Two Federal Reserve economists are telling the Street what it already suspected: Dovish talk may be even more powerful than quantitative easing.
In a research note, the economists wrote that the Federal Reserve's asset purchases, or quantitative easing, probably provided a "modest boost to economic growth and inflation." However, the effects of QE would depend in large part on the Fed's interest-rate guidance, the note said.
"[E]stimates from a macroeconomic model suggest that such interest- rate forward guidance probably has greater effects than signals about the amount of assets purchased," the economists wrote in the paper, released by the San Francisco Federal Reserve.
The paper, which was not an official Fed policy statement, was by Vasco Curdia, a senior economist at the Economic Research Dept. of the San Francisco Fed and Andrea Ferrero, a senior economist at the New York Fed. It landed during a relative news void Monday, and as many traders wonder when the Fed will begin tapering its asset purchases. Therefore, it quickly became a topic du jour among the trading community, and some read it as a document in support of tapering.
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"Everybody's focused on the ending of the asset purchases, leaving aside the forward guidance and what the research has continued to support from the Fed's point of view—the promise to keep rates low is as effective, if not more effective, than the outright purchase of assets," said Daniel Greenhaus, global market strategist at BTIG.
This summer as talk of the Fed "tapering" its $85 billion a month in bond purchases picked up, Fed officials were careful to emphasize that they had no intention of raising short-term interest rates anytime soon.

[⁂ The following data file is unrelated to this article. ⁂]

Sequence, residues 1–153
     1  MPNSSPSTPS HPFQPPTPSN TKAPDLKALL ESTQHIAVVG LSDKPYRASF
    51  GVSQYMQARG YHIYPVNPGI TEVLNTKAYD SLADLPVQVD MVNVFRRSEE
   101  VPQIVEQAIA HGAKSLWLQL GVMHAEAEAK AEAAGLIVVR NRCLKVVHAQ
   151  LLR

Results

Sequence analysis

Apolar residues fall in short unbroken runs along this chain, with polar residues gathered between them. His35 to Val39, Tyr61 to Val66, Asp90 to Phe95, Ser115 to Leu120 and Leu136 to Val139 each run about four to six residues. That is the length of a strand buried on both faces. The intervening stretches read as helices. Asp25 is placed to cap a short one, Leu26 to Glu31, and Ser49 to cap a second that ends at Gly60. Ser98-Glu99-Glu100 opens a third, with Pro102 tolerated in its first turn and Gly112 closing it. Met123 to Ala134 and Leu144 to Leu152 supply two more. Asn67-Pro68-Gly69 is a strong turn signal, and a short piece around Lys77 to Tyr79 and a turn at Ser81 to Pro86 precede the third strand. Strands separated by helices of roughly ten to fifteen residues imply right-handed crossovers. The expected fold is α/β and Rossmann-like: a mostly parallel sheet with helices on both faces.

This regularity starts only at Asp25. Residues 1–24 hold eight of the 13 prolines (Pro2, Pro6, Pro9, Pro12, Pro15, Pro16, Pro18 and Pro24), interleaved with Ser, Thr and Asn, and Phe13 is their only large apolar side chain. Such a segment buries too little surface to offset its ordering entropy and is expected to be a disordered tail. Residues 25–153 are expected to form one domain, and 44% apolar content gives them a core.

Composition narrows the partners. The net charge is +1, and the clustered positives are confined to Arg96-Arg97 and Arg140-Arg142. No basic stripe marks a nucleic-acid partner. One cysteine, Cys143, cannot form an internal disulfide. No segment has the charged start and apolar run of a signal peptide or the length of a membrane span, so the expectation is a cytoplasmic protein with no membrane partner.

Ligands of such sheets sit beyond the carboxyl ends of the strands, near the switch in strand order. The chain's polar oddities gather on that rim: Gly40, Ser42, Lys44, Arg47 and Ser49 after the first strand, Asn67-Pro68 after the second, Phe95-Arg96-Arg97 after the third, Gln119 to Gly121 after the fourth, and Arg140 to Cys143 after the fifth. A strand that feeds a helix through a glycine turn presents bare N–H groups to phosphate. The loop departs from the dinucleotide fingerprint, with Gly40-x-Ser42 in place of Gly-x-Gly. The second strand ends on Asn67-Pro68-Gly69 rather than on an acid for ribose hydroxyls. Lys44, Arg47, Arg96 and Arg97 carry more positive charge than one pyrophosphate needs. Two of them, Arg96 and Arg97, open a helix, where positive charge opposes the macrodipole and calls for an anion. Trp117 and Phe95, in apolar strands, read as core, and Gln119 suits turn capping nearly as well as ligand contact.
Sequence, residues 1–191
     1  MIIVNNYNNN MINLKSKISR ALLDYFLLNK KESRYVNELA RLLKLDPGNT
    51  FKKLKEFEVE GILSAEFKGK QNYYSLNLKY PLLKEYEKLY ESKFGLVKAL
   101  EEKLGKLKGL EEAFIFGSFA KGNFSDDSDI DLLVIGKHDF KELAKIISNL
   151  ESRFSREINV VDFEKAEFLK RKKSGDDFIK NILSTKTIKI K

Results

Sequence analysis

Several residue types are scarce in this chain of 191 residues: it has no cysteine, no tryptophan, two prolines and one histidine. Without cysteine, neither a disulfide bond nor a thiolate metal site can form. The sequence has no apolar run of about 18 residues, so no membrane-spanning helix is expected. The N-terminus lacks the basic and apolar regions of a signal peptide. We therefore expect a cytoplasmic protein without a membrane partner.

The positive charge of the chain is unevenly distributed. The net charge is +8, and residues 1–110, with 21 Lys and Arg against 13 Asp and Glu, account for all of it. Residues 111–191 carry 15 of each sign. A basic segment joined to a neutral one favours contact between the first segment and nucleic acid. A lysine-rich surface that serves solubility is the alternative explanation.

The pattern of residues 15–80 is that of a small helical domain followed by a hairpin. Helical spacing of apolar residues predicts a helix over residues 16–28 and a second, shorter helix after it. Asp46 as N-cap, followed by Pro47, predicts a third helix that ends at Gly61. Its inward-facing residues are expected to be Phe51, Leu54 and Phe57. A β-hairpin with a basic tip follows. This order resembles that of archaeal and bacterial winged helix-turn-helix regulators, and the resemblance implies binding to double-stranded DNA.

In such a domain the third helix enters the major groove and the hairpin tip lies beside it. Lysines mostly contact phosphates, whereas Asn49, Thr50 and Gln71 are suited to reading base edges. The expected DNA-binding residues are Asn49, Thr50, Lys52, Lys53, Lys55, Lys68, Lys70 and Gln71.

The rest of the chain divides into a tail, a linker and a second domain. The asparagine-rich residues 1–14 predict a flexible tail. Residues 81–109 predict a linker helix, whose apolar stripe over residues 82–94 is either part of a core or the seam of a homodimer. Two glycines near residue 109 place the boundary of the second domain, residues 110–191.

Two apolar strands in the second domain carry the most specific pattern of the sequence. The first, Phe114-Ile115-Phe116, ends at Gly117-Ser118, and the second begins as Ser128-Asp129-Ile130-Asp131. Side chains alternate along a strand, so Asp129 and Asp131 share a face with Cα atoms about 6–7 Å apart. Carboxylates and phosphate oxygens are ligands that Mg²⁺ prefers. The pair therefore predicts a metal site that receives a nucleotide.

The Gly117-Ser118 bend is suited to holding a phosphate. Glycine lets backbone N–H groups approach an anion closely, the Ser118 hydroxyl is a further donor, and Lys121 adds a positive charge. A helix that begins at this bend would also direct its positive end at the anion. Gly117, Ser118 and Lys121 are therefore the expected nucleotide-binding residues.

The Fed economists pointed to QE2, a $600 billion large scale asset-purchase program, noting it added about 0.13 percentage points to real growth in late 2010 and 0.03 percentage points to inflation.
"Our analysis suggests that forward guidance is essential for quantitative easing to be effective. Without forward guidance, QE2 would have added only 0.04 percentage point to GDP growth and 0.02 to inflation," the economists wrote in the paper.
The Fed undertook the extraordinary easing program to boost economic growth and put inflation at more normal levels. QE was a new program the Fed pulled from its tool box to inflate asset values and prevent the economy from double-dipping.
The paper relies heavily on model assumptions, said John Briggs, senior Treasury strategist at RBS. So, "[i]t's hard to be heavily critical one way or the other. It probably feels about right, that it was an eighth of a point of GDP over time, with fading impact as it goes on and fading impact from the first program to the second program to the third program. It's logical to me that guidance reinforces asset purchases because it helps lower the term structure of interest rates."
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The Fed economists said their analysis showed that "communication about when the Fed will begin to raise the federal funds rate from its near-zero level will be more important than signals about the precise timing of the end of QE3."
Briggs said the forward guidance does appear to be a more powerful tool. "If you say for five years we're not going to raise rates, you flatten that end of the curve. If you're purchasing the long end of the curve, you're flattening the entire (Treasury yield) curve. My feeling is the forward guidance is more powerful than asset purchases. The paper reinforces that," he said.
—By CNBC's Patti Domm. Follow her on Twitter @pattidomm.